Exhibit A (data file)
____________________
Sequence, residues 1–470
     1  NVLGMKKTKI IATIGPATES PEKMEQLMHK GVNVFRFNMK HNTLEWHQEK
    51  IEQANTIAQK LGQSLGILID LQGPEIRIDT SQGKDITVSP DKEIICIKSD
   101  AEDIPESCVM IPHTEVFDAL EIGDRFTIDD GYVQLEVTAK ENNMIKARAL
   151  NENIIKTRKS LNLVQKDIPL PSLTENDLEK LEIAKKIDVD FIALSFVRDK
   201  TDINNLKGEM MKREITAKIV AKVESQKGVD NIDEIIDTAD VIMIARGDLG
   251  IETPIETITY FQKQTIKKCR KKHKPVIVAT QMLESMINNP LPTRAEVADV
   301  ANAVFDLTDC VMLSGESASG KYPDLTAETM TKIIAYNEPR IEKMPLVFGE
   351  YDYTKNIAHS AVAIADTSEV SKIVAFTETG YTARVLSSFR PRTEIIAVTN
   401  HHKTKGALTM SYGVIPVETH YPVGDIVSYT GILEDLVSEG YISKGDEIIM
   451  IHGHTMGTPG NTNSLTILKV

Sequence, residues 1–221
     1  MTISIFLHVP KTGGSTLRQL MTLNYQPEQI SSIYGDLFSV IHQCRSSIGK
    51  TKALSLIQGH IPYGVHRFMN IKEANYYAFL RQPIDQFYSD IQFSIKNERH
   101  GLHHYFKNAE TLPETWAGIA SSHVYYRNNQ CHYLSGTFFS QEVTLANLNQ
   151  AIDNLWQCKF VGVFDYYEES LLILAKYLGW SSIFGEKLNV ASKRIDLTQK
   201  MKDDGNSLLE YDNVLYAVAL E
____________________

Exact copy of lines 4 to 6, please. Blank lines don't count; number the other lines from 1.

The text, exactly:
   101  AEDIPESCVM IPHTEVFDAL EIGDRFTIDD GYVQLEVTAK ENNMIKARAL
   151  NENIIKTRKS LNLVQKDIPL PSLTENDLEK LEIAKKIDVD FIALSFVRDK
   201  TDINNLKGEM MKREITAKIV AKVESQKGVD NIDEIIDTAD VIMIARGDLG